Mahoney was cut in training camp but went on to spend the balance of the 2011 season on Hamilton’s practice roster. Mahoney also got a brief off-season look with Ottawa prior to the 2014 campaign.
|5||36||TE||Tyrell Francisco||Weber State||0|
A centre from St. Laurent, Quebec, Petrus signed with the NFL’s Tampa Bay Buccaneers prior to the 2012 season. He has since spent the past three seasons out of football after being cut in training camp. With the Tiger-Cats certain to have made Petrus a number of contract offers over the past three seasons, it appears the 28-year-old has moved on from football.
Fortin just completed his third season with the Ti-Cats, though he’s tallied just two special teams tackles over the past two seasons. A pending free agent, Fortin will hit the open market on February 10, 2015 if he’s not re-upped before then.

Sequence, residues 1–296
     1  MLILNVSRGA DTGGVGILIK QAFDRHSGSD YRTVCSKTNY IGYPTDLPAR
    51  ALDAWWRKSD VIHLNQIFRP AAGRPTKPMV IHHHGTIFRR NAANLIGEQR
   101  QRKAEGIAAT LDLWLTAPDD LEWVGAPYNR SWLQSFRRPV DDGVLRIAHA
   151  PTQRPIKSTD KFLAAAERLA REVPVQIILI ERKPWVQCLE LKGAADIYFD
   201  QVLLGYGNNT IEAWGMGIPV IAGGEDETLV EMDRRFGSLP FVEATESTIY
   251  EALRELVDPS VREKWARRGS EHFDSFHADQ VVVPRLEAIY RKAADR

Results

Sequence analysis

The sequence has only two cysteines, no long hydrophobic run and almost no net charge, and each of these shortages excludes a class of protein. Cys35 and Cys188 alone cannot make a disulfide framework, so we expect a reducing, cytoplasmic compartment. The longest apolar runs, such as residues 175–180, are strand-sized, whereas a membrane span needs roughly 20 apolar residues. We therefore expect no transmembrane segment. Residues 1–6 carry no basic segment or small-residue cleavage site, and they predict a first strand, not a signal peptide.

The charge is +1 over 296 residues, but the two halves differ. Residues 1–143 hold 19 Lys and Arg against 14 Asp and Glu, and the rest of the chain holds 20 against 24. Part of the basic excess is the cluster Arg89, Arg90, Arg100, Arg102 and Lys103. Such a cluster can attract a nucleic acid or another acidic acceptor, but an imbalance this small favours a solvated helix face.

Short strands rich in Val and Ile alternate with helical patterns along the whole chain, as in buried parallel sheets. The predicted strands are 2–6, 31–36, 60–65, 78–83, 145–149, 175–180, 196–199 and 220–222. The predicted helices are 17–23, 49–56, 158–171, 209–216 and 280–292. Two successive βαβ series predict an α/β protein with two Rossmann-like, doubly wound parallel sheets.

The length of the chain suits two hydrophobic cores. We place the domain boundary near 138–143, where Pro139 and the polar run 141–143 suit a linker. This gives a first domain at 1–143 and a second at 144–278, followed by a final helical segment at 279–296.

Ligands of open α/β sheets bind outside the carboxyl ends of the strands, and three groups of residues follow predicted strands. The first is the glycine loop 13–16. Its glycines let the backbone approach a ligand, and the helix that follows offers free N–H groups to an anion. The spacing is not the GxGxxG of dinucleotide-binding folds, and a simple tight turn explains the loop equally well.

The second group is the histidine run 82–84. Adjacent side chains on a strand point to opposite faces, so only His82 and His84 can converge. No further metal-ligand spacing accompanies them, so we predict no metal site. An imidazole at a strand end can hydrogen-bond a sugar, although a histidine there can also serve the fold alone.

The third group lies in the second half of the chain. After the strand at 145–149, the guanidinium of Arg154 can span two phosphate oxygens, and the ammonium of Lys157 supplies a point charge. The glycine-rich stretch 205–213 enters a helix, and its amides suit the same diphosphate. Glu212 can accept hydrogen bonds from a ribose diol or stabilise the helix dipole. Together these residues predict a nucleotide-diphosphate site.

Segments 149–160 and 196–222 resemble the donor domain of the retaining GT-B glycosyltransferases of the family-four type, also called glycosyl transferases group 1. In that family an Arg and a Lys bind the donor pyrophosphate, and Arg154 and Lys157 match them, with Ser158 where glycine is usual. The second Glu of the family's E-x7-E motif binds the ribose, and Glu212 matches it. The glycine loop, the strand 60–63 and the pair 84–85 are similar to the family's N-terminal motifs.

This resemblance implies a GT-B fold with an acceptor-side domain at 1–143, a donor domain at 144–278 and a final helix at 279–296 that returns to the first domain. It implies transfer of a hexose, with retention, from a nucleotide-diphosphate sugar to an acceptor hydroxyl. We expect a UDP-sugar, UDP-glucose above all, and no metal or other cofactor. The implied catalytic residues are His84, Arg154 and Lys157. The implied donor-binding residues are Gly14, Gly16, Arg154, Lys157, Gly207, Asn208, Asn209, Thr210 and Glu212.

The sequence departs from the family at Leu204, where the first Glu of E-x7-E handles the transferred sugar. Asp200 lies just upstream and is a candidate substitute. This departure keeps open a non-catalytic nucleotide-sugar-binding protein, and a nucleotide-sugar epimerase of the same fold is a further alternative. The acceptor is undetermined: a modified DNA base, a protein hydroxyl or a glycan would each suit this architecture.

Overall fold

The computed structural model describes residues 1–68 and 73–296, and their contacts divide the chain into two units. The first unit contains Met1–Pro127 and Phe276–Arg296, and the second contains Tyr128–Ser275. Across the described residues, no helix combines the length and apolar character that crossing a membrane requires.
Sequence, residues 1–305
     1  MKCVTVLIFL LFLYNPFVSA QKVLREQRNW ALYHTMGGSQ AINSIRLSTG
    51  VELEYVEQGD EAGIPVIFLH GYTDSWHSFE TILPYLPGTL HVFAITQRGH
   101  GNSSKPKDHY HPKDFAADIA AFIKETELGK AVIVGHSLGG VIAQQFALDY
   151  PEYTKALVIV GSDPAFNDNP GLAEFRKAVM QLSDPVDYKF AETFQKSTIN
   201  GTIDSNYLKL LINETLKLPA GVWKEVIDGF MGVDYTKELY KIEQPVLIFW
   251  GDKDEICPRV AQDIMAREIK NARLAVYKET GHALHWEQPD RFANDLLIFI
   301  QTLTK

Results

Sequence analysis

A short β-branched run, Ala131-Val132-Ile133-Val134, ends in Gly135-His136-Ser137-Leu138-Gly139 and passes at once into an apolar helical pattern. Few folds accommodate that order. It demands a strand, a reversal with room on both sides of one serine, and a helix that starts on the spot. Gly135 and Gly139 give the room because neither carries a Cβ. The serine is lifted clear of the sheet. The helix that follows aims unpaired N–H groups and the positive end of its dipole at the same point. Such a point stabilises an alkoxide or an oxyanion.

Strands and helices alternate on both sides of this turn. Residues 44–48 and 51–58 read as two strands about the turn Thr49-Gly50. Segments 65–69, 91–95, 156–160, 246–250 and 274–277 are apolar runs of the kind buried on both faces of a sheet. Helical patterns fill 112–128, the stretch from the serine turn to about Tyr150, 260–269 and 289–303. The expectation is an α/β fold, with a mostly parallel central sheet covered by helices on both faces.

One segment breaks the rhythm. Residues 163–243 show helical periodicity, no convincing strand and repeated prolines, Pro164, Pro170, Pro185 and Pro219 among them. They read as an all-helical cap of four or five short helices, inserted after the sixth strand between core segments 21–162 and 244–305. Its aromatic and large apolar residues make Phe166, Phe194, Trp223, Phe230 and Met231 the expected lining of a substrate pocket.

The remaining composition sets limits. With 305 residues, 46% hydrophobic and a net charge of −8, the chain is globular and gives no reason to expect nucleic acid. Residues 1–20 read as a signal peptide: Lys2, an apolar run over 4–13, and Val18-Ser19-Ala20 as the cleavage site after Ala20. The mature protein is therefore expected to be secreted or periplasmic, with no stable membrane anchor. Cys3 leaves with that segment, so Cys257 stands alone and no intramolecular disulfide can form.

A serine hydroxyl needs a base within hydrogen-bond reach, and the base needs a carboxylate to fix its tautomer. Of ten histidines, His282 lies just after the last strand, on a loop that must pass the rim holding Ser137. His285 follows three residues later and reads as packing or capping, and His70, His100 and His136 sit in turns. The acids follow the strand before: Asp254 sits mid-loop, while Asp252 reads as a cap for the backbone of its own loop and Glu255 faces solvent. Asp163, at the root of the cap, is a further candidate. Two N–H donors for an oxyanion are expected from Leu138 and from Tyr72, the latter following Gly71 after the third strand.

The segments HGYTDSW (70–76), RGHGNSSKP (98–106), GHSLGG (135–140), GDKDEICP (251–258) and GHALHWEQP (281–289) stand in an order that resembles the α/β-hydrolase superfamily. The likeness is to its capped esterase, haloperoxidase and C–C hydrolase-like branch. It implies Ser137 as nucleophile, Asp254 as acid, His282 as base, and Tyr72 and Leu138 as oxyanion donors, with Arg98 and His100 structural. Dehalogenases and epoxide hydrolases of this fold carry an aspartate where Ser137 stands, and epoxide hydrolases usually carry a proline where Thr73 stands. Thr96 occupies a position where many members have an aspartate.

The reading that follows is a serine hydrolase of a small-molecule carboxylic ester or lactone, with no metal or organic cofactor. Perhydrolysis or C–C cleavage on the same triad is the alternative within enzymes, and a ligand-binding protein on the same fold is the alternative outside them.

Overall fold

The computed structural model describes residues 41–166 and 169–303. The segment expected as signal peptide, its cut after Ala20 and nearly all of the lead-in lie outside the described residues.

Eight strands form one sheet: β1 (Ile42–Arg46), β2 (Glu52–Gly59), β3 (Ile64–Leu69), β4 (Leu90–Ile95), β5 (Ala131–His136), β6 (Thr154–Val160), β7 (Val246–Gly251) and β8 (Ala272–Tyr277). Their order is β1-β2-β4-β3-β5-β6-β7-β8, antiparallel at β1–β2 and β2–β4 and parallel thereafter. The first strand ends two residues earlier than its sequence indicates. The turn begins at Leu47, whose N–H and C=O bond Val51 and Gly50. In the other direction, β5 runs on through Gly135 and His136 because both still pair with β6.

Forbes (2011), Jean-Mary (2012), and Baillargeon (2012) each spent one year with the Tiger-Cats. Forbes and Jean-Mary are now out of football, while Baillargeon has been a member of the Montreal Alouettes since July of 2013.
Francisco was released in his first training camp with the club, while Wagner never signed a CFL contract.
|6||43||OL||Michael Knill||Wilfred Laurier||0|
The Argonauts were forced to wait on Holmes for two seasons while he played out his senior season at Tulsa before spending the 2013 season with the Minnesota Vikings. Despite the wait, Holmes has developed into a dominant CFL left guard. Holmes is the best offensive lineman to come out of the 2011 draft and, as a pending free agent, is going to get a boatload of cash this February. Look for him to sign with his hometown RedBlacks.
Converting to fullback in his first training camp, Robinson has registered 18 receptions for 195 yards and 3 touchdowns to go along with 25 special teams tackles in his four seasons with the Argonauts. He won’t make headlines, but Robinson the type of solid national contributor every CFL teams needs.
Gardner (2011) and Kouame (2011-2012) spent one and two seasons with the Argonauts, respectively, though neither receiver registered a statistic.